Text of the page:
It was a day later than scheduled, but the 13th U.N. climate change conference (COP-13) in Bali at last came to a close. The world is now breathing a sigh of relief; as late as Saturday, negotiations looked like they would run off the tracks. But Bali gave us only a vague sense of the road ahead, and the only certainty is that the road will be difficult.
The most important decision taken at the COP was the agreement on the “Bali Action Plan,” or what’s been called the Bali Roadmap. It creates a process and set of principles for negotiating a successor to the Kyoto Protocol, which expires in 2012. The negotiations must conclude by COP-15 in 2009. The action plan calls for a long-term goal for global emissions reductions (without saying how much), and various “mitigation actions” for developed and developing countries (without saying what they actually are). Deforestation, technology transfer, and adaptation—all critical to addressing climate change—are also in the Bali Roadmap, again with few specifics.
There are several points to note about COP-13. First, it is clear that this U.S. Administration has lost political influence in this forum. The European Union, and in particular Germany, are providing the leadership that the U.S. is not, and they have lost patience with U.S. obstructionism. Germany announced a national 40% emissions reduction target by 2020, and threatened to boycott the U.S.-led “major economies” process if the U.S. didn’t back reduction targets in Bali. This level of confrontation has to date been unprecedented in the UNFCCC; it reflects increasing alarm on climate change, and the level of frustration with the U.S. U.S. participation is still vital in a post-Kyoto world, but the world seems more prepared to move ahead with or without its largest economy.
The reality is that on some points, U.S. positions were reasonable. For instance, the targeted 25-40% reduction below 1990 levels proposed by the EU is arguably unattainable within a 12-year timeframe. But the US failure to propose negotiable alternatives, or to act to reduce its own emissions, isolated U.S. negotiators. US influence is a casualty of an environment that has soured over a decade of U.S. resistance to any form of commitment.
Negotiators in Bali also saw the Bush Administration’s position as less relevant to future negotiations, increasingly out of touch with the rest of the United States. Senator John Kerry, New York City Mayor Michael Bloomberg, and former Vice President Al Gore brought similar messages to Bali; in all likelihood, the U.S. would rejoin the international community by COP-15. States and cities are already out in front in passing climate change legislation. The major corporations that have joined the 35-member U.S. Climate Action Partnership are calling for mandatory emissions caps (WRI is also a US-CAP member).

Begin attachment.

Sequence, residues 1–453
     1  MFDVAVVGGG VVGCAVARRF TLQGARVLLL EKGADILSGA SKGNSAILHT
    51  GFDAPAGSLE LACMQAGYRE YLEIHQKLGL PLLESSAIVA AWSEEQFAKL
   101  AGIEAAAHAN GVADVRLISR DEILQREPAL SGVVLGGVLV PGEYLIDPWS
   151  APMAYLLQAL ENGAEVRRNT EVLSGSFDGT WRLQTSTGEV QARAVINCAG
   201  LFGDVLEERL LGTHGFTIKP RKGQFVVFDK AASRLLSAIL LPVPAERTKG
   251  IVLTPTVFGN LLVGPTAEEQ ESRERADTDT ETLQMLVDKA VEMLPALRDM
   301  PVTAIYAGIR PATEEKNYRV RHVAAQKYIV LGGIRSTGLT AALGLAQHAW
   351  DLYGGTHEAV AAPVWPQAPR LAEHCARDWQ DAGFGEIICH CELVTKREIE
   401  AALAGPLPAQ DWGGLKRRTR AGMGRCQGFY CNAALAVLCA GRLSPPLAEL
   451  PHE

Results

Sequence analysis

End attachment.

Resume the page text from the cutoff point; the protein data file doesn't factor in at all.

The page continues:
Developing countries too are more progressive than is often recognized. The Bali Action Plan calls for “measurable… mitigation actions” by developing countries (at the insistence of the U.S. but with developing country acquiescence), opening the door for more active participation in a post-Kyoto agreement. And developing countries are already taking action. China has a renewable energy target, an efficiency target and a strong reforestation program. Mexico has a sophisticated national GHG emissions registry, while India, South Africa, and Brazil have policies to increase energy efficiency and use of cleaner fuels.
Unfortunately, in spite of the mention of the IPCC 4th Assessment Report, the sense of urgency seems to be missing from the Bali roadmap. New scientific findings in 2007 confirm the fact that we have very little time—years not decades—to start drastically reducing emissions if we have any chance at avoiding unacceptable damage to the global climate. A failure in Bali would have been catastrophic. We dodged that bullet, but the road to success at COP-15 looks dauntingly hard. We have several clear tasks ahead: The single most important step we can take is to adopt strong national legislation to make immediate and continuing reductions in US GHG emissions. Then, we must clarify how we will engage China, India and the other large emitting countries. This will entail developing and deploying new technologies, and require creating a set of solutions that can be politically achieved and that will yield environmental change of an unprecedented scale.
The political will that was barely hinted at in Bali will need to be strengthened—and quickly—if we are to succeed on the road from Bali to Copenhagen, when in 2009, we must agree on an aggressive next step, or else truly suffer the consequences of climate change.